And yet here - looking as if it's been airdropped in from Soho or Covent Garden - is Dylan's, which is chic, with its sage-green and plum frontage, clean, uncluttered dining rooms and modish patches of floral wallpaper. It looks like the cover of David Mitchell's Cloud Atlas, and when restaurants look like the year's arty beach read, you know they've been pretty freshly turned out. There is an explanation. The décor in the Sweet Cherry and Tandoori Nights harks back to a homeland left behind, and in a different way, so does that of Dylan's, which is run by a team who emigrated here from One Aldwych, the hotel just off the Strand. They've made a new life in Zone Five but a bit of their hearts will always belong to Zone One.
There's a lot to like about Dylan's and on the night we went a lot of people were there liking it. It has the buzz of a place that people are glad to be in - a vibration of contentment that bounces back off the efficient front of house staff. All the same, I left a little disappointed.
What works is simple; the décor is crisp and attractive (though the Tardis effect of stepping directly from 1930s Metroland into 21st-century cool may amplify its virtues a little) and the eclectic menu falls on just the right side of the familiarity watershed - not dull, but reassuring. They even have a decent children's menu, offering smaller portions of the more child-friendly elements on the grown-up version, rather than chicken-slurry extrusions and freezer pizza.
Unfortunately not all the details are quite pinned down. Take for example my starter of organic smoked salmon with parsnip waffles and horseradish cream (£6.40) - a thoughtful twist on a standard blini, but let down by a flabby, slightly greasy waffle. And though the horseradish cream was delicious it was applied to the plate like filigree, there wasn't nearly enough of it to keep step with the generous turban of smoked salmon. My wife's seared scallops (£8.90) were perfectly cooked and the celeriac purée they sat on was an effective cushion for the flavour - but the beetroot crisp had relaxed at some point into a beetroot flap. True, my son's chicken caesar salad disappeared with great speed, but then he's about as discerning a gourmet as a garden-shredder. A Thai-style beef salad (£6.80) came with ribbons of nicely seared meat but had substituted radicchio and sweet pepper for the more conventional slivers of cucumber and spring onion and carrot, an alteration that didn't notably improve the dish.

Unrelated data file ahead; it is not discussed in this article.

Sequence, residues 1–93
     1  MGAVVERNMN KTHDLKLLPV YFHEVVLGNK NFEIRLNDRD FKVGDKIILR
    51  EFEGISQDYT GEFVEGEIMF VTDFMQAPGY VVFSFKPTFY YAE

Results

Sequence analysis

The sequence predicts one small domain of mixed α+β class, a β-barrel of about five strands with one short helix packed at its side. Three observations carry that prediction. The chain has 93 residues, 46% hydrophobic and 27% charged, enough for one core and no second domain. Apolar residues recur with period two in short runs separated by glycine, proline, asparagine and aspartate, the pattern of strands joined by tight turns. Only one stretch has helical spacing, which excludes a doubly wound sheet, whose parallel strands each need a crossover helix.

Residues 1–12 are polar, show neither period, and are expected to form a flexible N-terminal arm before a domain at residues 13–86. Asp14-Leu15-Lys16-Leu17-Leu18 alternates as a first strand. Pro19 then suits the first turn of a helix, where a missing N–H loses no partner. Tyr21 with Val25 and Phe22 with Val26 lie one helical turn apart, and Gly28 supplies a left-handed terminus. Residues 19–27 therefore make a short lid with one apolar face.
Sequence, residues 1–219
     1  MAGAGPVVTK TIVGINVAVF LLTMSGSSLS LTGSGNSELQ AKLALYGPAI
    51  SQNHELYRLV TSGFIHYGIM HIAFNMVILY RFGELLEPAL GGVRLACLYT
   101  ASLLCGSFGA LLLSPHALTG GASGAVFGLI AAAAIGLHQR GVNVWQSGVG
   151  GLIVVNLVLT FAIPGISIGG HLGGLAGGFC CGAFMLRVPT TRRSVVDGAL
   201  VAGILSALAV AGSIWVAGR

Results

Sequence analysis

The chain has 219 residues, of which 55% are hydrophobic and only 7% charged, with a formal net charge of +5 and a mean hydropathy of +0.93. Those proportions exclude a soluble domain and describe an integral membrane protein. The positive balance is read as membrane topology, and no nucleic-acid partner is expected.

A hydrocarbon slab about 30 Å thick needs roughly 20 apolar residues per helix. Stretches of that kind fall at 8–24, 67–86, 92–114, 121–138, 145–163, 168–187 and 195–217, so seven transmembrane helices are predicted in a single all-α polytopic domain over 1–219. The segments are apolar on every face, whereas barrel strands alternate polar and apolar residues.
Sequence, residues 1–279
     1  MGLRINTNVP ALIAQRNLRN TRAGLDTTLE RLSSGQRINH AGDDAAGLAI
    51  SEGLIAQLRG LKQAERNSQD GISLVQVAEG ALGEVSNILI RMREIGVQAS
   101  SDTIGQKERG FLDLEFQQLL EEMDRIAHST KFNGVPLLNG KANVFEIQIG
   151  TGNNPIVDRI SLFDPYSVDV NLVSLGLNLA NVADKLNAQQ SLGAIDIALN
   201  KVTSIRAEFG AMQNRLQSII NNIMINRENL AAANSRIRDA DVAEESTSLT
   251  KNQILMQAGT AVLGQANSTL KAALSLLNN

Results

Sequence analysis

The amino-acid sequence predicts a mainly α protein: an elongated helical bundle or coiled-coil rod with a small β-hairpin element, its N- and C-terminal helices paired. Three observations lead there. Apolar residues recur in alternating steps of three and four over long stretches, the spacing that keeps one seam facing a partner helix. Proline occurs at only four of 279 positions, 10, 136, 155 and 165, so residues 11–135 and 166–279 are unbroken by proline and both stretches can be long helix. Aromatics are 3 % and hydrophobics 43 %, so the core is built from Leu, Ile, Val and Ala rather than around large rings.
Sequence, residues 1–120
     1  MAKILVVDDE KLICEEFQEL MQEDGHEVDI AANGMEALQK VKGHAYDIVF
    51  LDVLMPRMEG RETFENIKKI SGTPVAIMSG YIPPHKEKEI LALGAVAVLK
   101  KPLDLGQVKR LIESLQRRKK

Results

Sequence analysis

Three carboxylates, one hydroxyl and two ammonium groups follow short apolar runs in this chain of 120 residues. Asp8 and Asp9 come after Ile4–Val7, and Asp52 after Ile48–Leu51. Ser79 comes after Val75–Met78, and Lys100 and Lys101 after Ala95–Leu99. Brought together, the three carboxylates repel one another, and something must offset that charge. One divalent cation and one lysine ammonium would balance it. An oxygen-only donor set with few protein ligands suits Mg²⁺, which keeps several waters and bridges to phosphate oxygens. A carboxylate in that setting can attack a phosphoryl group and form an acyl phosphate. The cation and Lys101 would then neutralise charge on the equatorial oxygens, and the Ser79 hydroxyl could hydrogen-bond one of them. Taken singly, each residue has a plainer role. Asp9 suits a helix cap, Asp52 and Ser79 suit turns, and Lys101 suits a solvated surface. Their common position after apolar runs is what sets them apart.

Main courses were mixed too. A fillet of beef (£15.90) and a child's steak were fine - good meat, properly cooked - and the open ravioli of wild mushrooms and Jerusalem artichoke sauce (£12.50) had the right bosky richness to it. But my cod with smoked haddock and vegetable chowder (£13) was curiously bland, as if the cream overpowered the smoked fish entirely, and my wife's risotto of roast shallot and thyme was (I regret there is no other word) claggy.
Desserts were more consistent. Five spoons made short work of Malteser parfait with raspberry sorbet, crème brûlée with fresh raspberries and an unusually light sticky toffee pudding with banana ice-cream (all at £4.90). Which means we all leave in a good mood except me - fretting over how close Dylan's gets to being a great local restaurant and whether I can justify pretending that it's already there.
Dylan's, 21 Station Parade, Cockfosters Road, Barnet, Hertfordshire, 020-8275 1551
Three courses, without wine, £25-£30
SIDE ORDERS: SUBURBAN STARS
By Caroline Stacey
Lamb navarin with pea and bean fricassee - great Welsh meat and top French technique in Cardiff's chicest quartier. Not just a neighbourhood restaurant but one of the city's best.
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Innovative cooking of the highest order has given star status to this airy Victorian villa. A typical starter: goat's cheese, beet sorbet, watercress purée and beetroot crisps.
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